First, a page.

How to Improve Your Credit Score

Your credit score plays a large part in what mortgage rate you receive. Here’s how you can work on achieving a higher credit score.

Although it may not seem like it, you have a lot of control over your credit score. A small change in credit score can mean a small change in mortgage interest rate, which means a difference of thousands of dollars paid on a mortgage loan.

How Can I Improve My Credit Score?

We often don’t think about our credit scores until we are making a large purchase. There are some small habits we can make note of to improve our credit score all the time, so we’re ready when it comes time to make a large purchase:

Reduce Credit Card Balances

A credit card is a form of debt that may help your credit score in the long run. It can eventually benefit you as long as you avoid the common mistakes: carrying a balance on your credit card or high utilization rates.
Carrying a balance on your credit card does nothing to help your score. Some people think that making the minimum payment each month is enough to lead to a positive credit score, but the healthiest way to use a credit card is by paying off your balance each month, and using less than 30% of your credit limit.

Eliminate Old Debt

If you’ve applied for debt and paid it off, that record is good to have on your credit report. If you’ve paid off your car loan, there’s no reason to try to get that debt removed from your record. Even if it’s a large amount paid over a long period of time, you want a record showing that you know how to successfully pay off debt.

Address Delinquency Periods

Filing for bankruptcy will stay on your credit report for 10 years. Late payments and collection accounts can remain on your credit reports for up to seven years. If you have a bad debt on your record, it may be useful to call credit agencies after 7 years, as mistakes are occasionally made and these mistakes might stay on your record.

Avoid Late Payments

A common method used to pay off multiple sources of debt involves paying off smallest debts first, and moving on to the larger debts as time goes on. A crucial part of this strategy is to pay the minimum amount on all debts, and dedicating the rest of the money to paying off that smallest debt. Do not forget to pay the minimum amount on any debt! Although it may seem more important to save for a big-ticket item or pay more towards a certain debt, paying late on anything will leave a negative mark on your credit report and negatively affect your credit score.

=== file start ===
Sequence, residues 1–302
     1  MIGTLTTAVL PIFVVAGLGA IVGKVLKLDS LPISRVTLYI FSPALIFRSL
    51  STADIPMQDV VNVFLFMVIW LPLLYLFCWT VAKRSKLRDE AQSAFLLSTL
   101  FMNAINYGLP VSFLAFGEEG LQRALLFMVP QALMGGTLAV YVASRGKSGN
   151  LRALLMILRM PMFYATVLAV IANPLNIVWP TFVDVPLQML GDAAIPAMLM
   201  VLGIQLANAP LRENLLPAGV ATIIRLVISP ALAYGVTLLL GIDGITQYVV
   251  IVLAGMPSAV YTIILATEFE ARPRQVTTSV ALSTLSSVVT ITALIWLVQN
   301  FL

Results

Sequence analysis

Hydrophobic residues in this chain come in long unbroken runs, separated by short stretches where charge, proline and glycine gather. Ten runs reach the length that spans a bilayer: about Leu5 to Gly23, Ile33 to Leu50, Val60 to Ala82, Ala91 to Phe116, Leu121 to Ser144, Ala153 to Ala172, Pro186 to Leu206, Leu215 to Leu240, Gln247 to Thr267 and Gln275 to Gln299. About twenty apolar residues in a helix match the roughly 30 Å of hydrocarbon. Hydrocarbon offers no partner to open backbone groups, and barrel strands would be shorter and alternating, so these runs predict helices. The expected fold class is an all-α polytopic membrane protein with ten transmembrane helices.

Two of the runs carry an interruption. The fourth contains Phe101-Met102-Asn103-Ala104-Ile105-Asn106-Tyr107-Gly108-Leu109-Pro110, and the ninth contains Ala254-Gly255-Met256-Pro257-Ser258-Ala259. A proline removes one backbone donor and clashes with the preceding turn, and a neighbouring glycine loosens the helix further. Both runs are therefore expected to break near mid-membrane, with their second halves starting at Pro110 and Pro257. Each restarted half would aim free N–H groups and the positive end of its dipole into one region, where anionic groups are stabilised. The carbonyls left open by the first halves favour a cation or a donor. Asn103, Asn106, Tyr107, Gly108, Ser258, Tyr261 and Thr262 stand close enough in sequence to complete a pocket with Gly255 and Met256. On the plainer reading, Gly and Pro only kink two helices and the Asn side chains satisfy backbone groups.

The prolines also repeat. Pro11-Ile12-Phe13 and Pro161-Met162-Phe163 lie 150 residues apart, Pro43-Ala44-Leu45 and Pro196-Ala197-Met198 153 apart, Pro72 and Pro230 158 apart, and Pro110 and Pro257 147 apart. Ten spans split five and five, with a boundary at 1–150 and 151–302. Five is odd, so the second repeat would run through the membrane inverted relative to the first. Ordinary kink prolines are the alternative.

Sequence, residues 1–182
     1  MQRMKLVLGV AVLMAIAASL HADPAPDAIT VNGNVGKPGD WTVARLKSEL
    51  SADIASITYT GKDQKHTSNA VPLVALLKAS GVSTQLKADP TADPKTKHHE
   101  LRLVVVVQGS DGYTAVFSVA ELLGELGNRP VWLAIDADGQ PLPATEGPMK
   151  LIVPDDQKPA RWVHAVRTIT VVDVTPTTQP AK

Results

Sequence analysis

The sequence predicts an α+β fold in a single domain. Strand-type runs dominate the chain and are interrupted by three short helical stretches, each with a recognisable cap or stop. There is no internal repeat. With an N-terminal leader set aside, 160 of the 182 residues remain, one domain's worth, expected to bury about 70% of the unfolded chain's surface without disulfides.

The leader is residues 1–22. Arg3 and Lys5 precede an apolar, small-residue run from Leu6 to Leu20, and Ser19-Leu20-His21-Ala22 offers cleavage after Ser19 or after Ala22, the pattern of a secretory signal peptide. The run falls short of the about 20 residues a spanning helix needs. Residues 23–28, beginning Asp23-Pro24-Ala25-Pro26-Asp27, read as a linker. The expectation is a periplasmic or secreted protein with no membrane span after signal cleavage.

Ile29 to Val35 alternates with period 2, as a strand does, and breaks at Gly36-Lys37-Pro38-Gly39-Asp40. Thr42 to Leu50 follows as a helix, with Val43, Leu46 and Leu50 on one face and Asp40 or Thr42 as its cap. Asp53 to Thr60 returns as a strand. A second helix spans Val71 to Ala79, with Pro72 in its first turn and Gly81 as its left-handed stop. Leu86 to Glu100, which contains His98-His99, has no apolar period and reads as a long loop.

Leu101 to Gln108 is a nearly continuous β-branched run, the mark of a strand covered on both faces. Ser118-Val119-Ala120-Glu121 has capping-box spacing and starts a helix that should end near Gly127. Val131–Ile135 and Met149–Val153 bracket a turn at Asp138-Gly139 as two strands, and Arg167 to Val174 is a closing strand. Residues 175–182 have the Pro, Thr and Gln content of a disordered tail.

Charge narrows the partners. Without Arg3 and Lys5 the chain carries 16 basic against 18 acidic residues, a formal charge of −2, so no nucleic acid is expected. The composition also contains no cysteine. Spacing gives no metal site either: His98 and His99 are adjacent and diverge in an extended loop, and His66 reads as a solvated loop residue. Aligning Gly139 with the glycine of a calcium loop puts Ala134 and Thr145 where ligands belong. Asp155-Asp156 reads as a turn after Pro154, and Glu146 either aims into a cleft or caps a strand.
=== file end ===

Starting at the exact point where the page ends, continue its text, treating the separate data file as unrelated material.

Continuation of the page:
Monitor Your Credit

You should always keep tabs on your credit score to stay updated and adaptive. It’s a common myth that inquiring into your own credit score will negatively affect your credit score. Checking your own credit score is known as a soft inquiry. It will not affect your credit score in any way. You are entitled to check each of the three credit bureau reports (Equifax, Experian, and TransUnion) for free once every 12 months. If you schedule these reports throughout the year, you can have an almost constant update on your score. A hard inquiry will impact your credit score. These occur any time you apply for a line of credit, and a potential lender checks your credit.

Understand Shopping Periods

You may know that an application for credit will temporarily lower your credit score for one year. This may make you afraid to apply for too many options. If you’re applying for something like an auto loan, the credit bureaus understand that you may be applying for multiple lines of credit, but ultimately only accepting one. Within a certain shopping period, these applications for credit are only counted as one.  FICO Scores will ignore any other inquiries made within the previous 30 days. If you are rate-shopping for a mortgage, any other inquiries made in the last thirty days will not be counted in your score, giving you a more fitting rate. If you wait too long, your other inquiries may begin to have an affect.


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